Few issues in the farm equipment world are black and white, but here are some observations after spending a week in Hannover, Germany, attending Agritechnica, the world’s largest farm equipment show.
First, the development and manufacturing of farm equipment is a huge worldwide business with much of the innovation and investment happening in European nations. American short-line equipment manufacturers are notable by their absence at Agritechnica. Most U.S. firms obviously concentrate on their own domestic market.
Some Canadian manufacturers are shoring up soft domestic sales with a brisk export market, and a devalued loonie helps.
Farmers in countries that have experienced substantial currency devaluation, such as Russia, are enjoying higher returns for commodities like wheat, which has put them in the market for upgraded equipment.
Statistics show that the sales of big ticket items are down significantly this year. Grain producers in many parts of the world have used the strong returns of recent years to retool their equipment fleet.
Now, with storm clouds on the economic horizon, farmer investment has slowed.
In the United States, the storm has arrived. The strong U.S. dollar makes commodity prices far more worrisome than in Canada. An abundance of late-model used equipment is sitting on dealers’ lots, and inventory levels are in some cases worrisome.
European farmers love their equipment, and there’s an interesting battle between brand loyalty and economics. Conspicuous consumption also plays a role.
Some producers will stick to their favourite brand of tractors and combines no matter what. Their brand loyalty is akin to religion.
However, while most producers have some brand loyalty, they’re willing to see what competitors have to offer.
Many European farmers aspire to owning a Fendt, which is widely considered a high-quality tractor.
As well, the display of high-priced Lamborghini tractors at Agritechnica shows that some farmers want luxury and the ability to show off to their neighbours. It’s probably a bigger factor in Canadian purchases than many like to admit.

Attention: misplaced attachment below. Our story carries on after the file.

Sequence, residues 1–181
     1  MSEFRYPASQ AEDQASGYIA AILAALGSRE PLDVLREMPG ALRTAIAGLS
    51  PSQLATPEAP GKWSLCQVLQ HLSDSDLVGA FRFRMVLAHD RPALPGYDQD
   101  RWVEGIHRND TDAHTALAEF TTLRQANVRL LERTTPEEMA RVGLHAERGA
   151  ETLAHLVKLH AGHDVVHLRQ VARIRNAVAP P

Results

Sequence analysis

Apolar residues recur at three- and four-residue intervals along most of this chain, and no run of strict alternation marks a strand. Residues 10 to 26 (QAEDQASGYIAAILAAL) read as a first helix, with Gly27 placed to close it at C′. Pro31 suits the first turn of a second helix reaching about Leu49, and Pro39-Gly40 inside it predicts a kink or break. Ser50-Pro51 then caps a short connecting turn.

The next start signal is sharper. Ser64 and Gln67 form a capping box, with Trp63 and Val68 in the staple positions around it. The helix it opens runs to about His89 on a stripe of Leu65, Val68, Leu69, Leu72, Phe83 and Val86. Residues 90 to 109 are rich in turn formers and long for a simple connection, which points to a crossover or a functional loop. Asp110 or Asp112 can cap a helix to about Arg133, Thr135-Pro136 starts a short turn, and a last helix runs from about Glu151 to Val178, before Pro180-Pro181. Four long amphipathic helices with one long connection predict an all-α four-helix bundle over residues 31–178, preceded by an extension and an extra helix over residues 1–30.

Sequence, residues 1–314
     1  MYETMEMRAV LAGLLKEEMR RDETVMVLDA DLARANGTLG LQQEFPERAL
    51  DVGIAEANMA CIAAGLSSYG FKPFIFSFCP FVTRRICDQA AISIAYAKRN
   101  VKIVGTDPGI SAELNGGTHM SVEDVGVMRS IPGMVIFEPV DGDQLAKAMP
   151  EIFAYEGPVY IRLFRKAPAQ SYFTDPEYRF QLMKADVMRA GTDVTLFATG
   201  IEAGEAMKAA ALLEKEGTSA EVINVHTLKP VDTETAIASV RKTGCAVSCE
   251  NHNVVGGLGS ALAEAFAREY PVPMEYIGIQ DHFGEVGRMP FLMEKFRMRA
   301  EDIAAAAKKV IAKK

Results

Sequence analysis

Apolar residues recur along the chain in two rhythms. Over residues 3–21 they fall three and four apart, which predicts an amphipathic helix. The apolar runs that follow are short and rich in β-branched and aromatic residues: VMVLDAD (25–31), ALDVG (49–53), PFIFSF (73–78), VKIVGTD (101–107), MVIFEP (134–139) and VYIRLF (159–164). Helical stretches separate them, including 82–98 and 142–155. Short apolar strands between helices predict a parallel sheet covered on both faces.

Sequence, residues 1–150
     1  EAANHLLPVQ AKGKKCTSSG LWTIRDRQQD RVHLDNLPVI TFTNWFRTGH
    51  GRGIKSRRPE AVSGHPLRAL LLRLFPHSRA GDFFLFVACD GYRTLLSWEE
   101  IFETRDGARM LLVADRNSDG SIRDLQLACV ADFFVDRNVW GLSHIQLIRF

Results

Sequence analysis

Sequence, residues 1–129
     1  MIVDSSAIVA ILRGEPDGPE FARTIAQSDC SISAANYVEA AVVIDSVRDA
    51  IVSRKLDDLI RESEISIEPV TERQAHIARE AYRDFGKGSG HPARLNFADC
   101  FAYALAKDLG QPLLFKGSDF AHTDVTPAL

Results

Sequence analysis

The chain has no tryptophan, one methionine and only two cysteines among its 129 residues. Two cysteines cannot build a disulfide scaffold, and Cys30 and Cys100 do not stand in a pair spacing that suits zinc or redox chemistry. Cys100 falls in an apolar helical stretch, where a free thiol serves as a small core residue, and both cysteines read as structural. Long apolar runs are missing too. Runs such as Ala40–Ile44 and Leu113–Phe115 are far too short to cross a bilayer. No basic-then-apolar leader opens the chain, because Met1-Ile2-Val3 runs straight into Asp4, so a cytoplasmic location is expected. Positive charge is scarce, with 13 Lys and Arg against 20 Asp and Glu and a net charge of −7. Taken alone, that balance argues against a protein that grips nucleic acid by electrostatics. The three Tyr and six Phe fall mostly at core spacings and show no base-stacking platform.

Creature comforts in cab design are relatively easy to add, but true equipment innovation takes time.
The big German company Amazone displayed an innovation called AmaSpot, which senses green growth on the soil and only turns on spray nozzles when plants are present.
This type of technology has been displayed before, but Amazone is a year or two from commercialization. It probably needs to assess whether the chemical savings warrant the expense of the technology.
Krone, another German company, displayed what it claims is the world’s first mobile pelleting machine, the Premos 5000.
It picks up a swath of straw or hay and turns it into 16 millimetre diameter pellets. Krone has working machines but will test and refine them for the next couple of years.
Agtron Enterprises of Saskatoon launched a seed blockage and rate monitor that can be mounted on the bottom of the seed tube near the ground opener. It’s completely wireless and powered by machine vibration. However, it may take a year or two for the cost of the technology to drop enough to make the product competitive.
Deciding when to invest and how much to invest in new equipment and technology is a critical business decision for farmers. There are no easy answers, but it’s best to take emotion out of the equation.
Kevin Hursh is an agricultural journalist, consultant and farmer. He can be reached by e-mail at firstname.lastname@example.org.